Eleven years since Kosovo declared itself independent from Serbia, Belgrade still refuses to recognise the move after the former province broke away in 2008 following a war between Serbian government forces and Kosovar separatists in 1998-99.
Serbia continues to view Kosovo as its own territory despite a majority of European Union countries and the US recognising it as a sovereign nation.
Both countries entered mediation talks in 2011 to normalise their relations, a prerequisite for either to join the EU.
Thanks to these talks, the two neighbours have been able to resolve some of the technical issues such as border management and proper identification for Kosovo's Serb community. The talks gave way to the 2013 Brussels agreement, which was aimed at the integration of the Serb majority in northern Kosovo. But disagreements still block normalising relations and no major breakthrough has been made since 2015.
A series of setbacks in the last couple of years have seen talks break down, starting with the murder of the ethnic-Serb politician Oliver Ivanović in January 2018. At the end of that year, Kosovo raised customs duties on imports from Serbia to 100% after Belgrade blocked Kosovo's bid to join Interpol. In addition to this, Kosovo decided to upgrade its security force into an army, which Serbia sees as a potential threat that could trigger a military response from Belgrade.
But on April 29th, Kosovar and Serbian presidents, Hashim Thaçi and Aleksandar Vučić, will sit at the negotiating table in a meeting organised by France and Germany since talks were suspended in 2015 to try and find concrete solutions to their impasse.
Euronews spoke to Ruairi O'Connell, Britain's Ambassador to Kosovo, about the key issues, the problems regarding the Kosovar Serb community and why a border change might not help solve the issue.
What major disagreements impede normalising Serbian-Kosovar relations?
One of the major points of tension is Kosovo's status and Serbia's strong opposition to Pristina's international integration, said O'Connell, this hasn't changed much in the last 11 years.
Kosovo's Serb minority
Another stumbling block is Kosovo's Serb minority. Around one in 12 Kosovars is an ethnic Serb and nearly all of them are concentrated in the north. But despite efforts to integrate this community, Pristina still struggles to control the region. In 2013 and 2015, the Kosovar government agreed to establish an association of Serb-majority municipalities but the deadlock remains.
O'Connell believes there are two reasons why the Serb community still isn't fully integrated: The first is the lack of a comprehensive agreement between Belgrade and Pristina that impedes coming to terms with the past and blocks reconciliation between communities.
"There needs to be a big conversation that needs to be had, probably in the context of these talks about the past and dealing with the difficult legacy that has generated.
"There is a degree of truth-telling and degree of justice that is needed for everyone to move forward," he said.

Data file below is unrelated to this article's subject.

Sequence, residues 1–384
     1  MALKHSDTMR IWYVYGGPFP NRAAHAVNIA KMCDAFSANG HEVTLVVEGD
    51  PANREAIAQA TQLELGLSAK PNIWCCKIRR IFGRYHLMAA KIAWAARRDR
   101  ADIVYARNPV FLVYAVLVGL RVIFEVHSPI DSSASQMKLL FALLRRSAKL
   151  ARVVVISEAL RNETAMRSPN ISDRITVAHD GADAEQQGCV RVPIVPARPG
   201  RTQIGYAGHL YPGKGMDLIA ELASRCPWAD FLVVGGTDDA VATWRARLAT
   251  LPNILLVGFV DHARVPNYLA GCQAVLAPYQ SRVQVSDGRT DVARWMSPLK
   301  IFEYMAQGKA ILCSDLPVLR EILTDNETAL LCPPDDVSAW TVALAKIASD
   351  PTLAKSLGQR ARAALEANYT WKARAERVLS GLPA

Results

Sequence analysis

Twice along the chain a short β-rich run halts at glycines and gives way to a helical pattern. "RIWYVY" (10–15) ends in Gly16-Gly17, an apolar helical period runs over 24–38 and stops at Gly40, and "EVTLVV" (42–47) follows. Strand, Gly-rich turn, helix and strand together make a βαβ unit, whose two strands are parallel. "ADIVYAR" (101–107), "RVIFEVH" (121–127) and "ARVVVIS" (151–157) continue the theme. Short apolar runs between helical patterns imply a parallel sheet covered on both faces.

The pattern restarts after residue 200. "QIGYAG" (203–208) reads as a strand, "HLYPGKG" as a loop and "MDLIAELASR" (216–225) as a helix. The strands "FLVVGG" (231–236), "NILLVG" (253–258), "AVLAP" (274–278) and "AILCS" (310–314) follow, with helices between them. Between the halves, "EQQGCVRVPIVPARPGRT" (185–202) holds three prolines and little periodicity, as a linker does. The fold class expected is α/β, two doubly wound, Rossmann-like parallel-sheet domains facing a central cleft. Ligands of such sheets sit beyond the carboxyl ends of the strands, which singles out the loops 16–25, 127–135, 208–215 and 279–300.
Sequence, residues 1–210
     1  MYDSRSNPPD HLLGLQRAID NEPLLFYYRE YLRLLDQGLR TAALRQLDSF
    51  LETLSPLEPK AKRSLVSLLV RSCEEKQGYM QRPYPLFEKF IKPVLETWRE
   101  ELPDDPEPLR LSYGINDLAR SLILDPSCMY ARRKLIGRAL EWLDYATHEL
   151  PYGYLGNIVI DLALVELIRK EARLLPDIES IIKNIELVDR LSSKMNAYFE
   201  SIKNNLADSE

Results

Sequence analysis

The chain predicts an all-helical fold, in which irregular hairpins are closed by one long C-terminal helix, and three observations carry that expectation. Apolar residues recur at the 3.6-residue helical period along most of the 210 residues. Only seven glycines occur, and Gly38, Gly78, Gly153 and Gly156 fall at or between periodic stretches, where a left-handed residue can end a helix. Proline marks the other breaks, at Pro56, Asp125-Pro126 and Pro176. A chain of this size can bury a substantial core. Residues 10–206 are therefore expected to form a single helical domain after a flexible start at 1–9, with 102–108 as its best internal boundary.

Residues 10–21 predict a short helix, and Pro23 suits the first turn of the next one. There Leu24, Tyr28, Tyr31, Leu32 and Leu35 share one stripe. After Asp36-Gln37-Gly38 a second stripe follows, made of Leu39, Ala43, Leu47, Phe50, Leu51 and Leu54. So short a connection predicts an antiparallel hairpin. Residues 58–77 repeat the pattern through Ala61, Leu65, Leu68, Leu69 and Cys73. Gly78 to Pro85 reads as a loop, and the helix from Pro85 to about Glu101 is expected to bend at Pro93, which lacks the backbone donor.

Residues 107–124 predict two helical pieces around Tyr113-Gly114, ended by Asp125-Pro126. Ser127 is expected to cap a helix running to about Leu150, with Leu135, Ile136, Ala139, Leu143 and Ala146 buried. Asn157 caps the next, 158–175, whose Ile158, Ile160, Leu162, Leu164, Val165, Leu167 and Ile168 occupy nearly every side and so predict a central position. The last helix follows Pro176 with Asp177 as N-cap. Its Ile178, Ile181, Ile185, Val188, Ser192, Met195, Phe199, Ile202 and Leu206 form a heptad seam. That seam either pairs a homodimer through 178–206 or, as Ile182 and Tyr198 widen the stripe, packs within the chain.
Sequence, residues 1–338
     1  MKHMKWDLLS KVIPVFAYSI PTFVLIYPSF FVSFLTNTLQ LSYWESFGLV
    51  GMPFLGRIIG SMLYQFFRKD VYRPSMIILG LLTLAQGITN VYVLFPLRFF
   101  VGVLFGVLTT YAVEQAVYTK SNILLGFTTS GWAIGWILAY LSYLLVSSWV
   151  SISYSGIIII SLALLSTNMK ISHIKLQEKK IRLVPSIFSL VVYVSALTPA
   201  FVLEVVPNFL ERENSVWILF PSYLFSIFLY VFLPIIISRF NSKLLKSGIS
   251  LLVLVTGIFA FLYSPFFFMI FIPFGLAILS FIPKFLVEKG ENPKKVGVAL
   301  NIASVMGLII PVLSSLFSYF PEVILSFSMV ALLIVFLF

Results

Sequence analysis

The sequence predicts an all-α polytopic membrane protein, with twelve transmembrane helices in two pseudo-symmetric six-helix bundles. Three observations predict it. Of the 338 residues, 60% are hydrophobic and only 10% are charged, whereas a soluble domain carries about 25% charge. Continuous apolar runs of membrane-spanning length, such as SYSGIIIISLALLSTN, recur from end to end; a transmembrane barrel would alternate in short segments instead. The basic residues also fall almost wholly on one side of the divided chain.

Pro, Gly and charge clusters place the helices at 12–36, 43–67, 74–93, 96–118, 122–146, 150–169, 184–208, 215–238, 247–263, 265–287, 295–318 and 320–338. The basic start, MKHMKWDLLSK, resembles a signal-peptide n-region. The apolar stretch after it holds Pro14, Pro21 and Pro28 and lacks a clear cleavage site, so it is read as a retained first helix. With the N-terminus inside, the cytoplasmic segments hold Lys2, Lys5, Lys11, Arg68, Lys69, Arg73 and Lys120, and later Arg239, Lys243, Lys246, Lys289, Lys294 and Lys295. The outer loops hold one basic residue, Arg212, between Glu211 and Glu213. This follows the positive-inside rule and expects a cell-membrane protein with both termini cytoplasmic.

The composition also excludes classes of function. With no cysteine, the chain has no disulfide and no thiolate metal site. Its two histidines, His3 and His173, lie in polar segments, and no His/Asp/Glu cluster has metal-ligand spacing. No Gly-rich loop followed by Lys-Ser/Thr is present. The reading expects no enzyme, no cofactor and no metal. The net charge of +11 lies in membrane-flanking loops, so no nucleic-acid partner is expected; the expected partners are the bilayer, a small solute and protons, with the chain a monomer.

The second thing missing is a proper rule of law to make sure that the state delivers not just to the people who have access to power but the less powerful, including minority communities, according to O'Connell.
"It's about how they're organised, how they're represented."
Would changing the border help the impasse?
In 2018, the Kosovar and Serbian presidents toyed with the idea of moving the border in northern Kosovo — an idea that received foreign and national backlash. On the one hand, the proposal was heavily criticised by Germany who feared that any border change would flare up conflict in the region by calling into question other western Balkan borders. On the other hand, there was strong domestic opposition in Kosovo and Serbia.
O'Connell agrees that a border change would not necessarily bring an end to tensions.
"There's a number of deep traumas that came out of the wars and moving borders isn’t really going to address those between two countries that are going to remain neighbours and should be aiming for a future that isn’t just antagonism over a new border but an actual partnership and in the future, friendship," said the ambassador.
O'Connell emphasised that to get somewhere, both countries needed to adopt a "more transparent approach" to achieve any sort of agreement.
What does each side want?
For Kosovo, it's gaining the status that allows it full international integration.
A majority of EU member states recognise Kosovo as a sovereign state but blockages remain because two of the permanent members of the UN Security Council, China and Russia, do not recognise Kosovo's independence, pointed out O'Connell.
On the other hand, Serbia wants to ensure the rights of Kosovo's Serbs and their ongoing protection.
What can we expect from the April 29 talks?
O'Connell doesn't expect a big breakthrough in negotiations but he hopes that sides use this opportunity to "reset".
"There’s been a period of tension and that doesn’t help anybody, it increases worries and concerns for most people in the region, hurts investors, and holds the region back.
What we really need the leaders to do is to focus on the fact that both need a full comprehensive deal and they both know that. There’s momentum in the region, let’s use that. We don’t need a quick deal, we need the right deal and that needs both sides to come prepared and to talk to their people and get ready to sit down at the table seriously. Maybe not in Berlin at this time but very soon after."